LibDemVoice’s surveys of party members signed-up to our discussion forum have been running for over three years now. (I posted yesterday the final set of figures from our most recent poll.)

Our surveys are a way of testing members’ views on a variety of hot topics. And as they’ve been running throughout the first two years of the Coalition they’re also an interesting record of changing views on how the Coalition is regarded within the party.

If you would like to take part in the LibDemVoice surveys, there are simply two steps you need to follow:
1) Be a current Lib …

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LibLink: Anthony Wells ‘On that poll of Lib Dem members’

As my LibDemVoice colleague Caron Lindsay noted here, our poll asking when Lib Dem members want Nick Clegg to stand down has attracted a fair bit of coverage this week (including in the Daily Mail: I’ve showered three times since reading it, I still feel unclean).

Over at his essential UK Polling Report blog, the best online guide to British polling, Anthony Wells has taken a closer look at this survey — and at the validity of LibDemVoice surveys in general — and here’s an excerpt of what he says:

Stephen Tall and Mark Pack don’t make huge claims

Posted in LDV Members poll and LibLink | Also tagged and | 4 Comments

Opinion poll reporting: who did it best this year?

Since the start of the year, The Voice has been tracking how newspapers do at reporting the political opinion polls they commission. Each time a newspaper reports on such an opinion poll, the report gets scored out of 30 against a set of basic criteria. The scoring system has generally worked well, though it doesn’t catch the nuance of newspapers commissioning poll questions about political matters and then not reporting certain ones which happen to contradict their editorial line (such as on thisthis and this occasion).

How then do the different newspapers come out of this all? Here are the …

Posted in Polls | Also tagged and | 4 Comments

Lib Dems in 1st or 2nd place in almost 300 seats across UK

One of the least known facts about the last parliament, and which deserved to be more widely publicised, was that the Lib Dems were either in first or second place in 250 constituencies across the UK – which made the media’s tired and almost exclusive concentration on Labour and the Tories for most of the last five years all the more irritating.

Well, for all the disappointment of last Thursday’s election results, the party has by one measure at least made a big stride forward, as Anthony Wells’ UK Polling Report makes clear:

The notional 2005 figures had the Lib Dems

Posted in General Election and News | 7 Comments

Pollwatch Day 21 #GE2010 – Lib Dems in second place, at 28-31%, in today’s polls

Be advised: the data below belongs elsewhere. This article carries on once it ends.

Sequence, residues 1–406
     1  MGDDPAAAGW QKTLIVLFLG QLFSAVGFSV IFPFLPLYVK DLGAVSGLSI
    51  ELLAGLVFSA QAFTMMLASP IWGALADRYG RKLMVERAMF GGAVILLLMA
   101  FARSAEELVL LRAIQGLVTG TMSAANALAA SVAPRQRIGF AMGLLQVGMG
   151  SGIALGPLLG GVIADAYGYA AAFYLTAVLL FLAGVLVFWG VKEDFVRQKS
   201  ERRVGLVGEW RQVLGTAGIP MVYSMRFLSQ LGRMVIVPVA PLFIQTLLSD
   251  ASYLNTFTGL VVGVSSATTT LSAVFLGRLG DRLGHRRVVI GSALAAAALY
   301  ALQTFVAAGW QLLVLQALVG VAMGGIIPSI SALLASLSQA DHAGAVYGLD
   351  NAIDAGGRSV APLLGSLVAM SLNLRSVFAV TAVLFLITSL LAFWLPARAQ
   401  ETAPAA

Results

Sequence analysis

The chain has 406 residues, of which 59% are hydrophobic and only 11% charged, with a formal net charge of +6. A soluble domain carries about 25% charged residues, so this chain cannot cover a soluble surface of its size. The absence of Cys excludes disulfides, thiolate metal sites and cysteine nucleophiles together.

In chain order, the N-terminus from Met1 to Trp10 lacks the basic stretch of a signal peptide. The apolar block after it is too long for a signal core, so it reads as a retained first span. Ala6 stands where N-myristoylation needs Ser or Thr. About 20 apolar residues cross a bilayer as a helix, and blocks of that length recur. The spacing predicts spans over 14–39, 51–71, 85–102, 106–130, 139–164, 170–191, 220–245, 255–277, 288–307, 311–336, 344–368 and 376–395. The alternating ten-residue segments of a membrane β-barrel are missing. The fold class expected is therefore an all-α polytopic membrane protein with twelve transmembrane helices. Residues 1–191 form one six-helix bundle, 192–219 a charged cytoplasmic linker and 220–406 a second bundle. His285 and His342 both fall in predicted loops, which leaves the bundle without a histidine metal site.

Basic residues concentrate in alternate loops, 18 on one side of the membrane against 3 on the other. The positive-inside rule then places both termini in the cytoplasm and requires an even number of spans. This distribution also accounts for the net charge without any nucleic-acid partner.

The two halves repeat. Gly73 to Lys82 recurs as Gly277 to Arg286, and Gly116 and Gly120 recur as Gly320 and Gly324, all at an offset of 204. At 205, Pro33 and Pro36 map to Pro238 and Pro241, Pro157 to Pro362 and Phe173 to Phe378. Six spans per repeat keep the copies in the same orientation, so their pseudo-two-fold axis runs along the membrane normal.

Four polls published tonight, as follows:

    ICM in the Guardian … CON 33%(-2), LAB 28%(+2), LIB DEM 30%(-1)
    Opinium in the Express … CON 34%(+2), LAB 25%(-1), LIB DEM 28%(-1)
    ComRes for ITV/Independent … CON 32%(-2), LAB 28%(nc), LIB DEM 31%(+2)
    YouGov in the Sun … CON 33%(-1), LAB 28%(nc), LIB DEM 29%(-1)

All movement is within the margin of error, and the degree of stability in the polls is striking: the Tories are at 32-34%, Lib Dems at 28-31% and Labour at 25-28%. Anthony Wells’ UK Polling Report ‘poll of polls’ shows the Lib Dems edging up:

    CON 33%, LAB 27%, LIB DEM 30%

It …

Posted in General Election and Polls | Also tagged and | 5 Comments

Are ITV the unluckiest commissioner of opinion polls?

In the run-up to the 2005 general election, there was some excitement as a rolling poll commissioned by ITV from Populus showed the Conservatives slipping to a result even worse than 1997. However, there was a sharp (5 point) recovery in the final pre-election day poll from Populus, which was a normal non-rolling poll.

Picking over the polling after the election, the explanation looked to be one aberrant sample on one day but which, due to the workings of a rolling poll, ‘infected’ the poll results over a longer period of time. It was only with the final pre-election poll, based …

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Are YouGov and Murdoch ‘push-polling’ for the Tories?

‘Push-polls’, for those unfamiliar with the term, are a political campaigning technique “in which an individual or organization attempts to influence or alter the view of respondents under the guise of conducting a poll” (Wikipedia).*

And it looks like Rupert Murdoch’s Sun newspaper someone [EDIT 20/4/2010 – see Update below) has been paying internet polling firm YouGov to undertake some ‘push-polling’ against the Lib Dems, following the surge in support for Nick Clegg’s party after last week’s televised debate.

Former British ambassador Craig Murray spotted the following comment on the PoliticalBetting.com website, and noticed its significance:

Just

Posted in General Election and Polls | Also tagged , , and | 11 Comments

Opinion: Attack YouGov if you want to – but at least say who you are

Last week’s Daily Telegraph article attacking YouGov’s polling raises some disturbing issues about the quality of political debate as we fast approach the general election.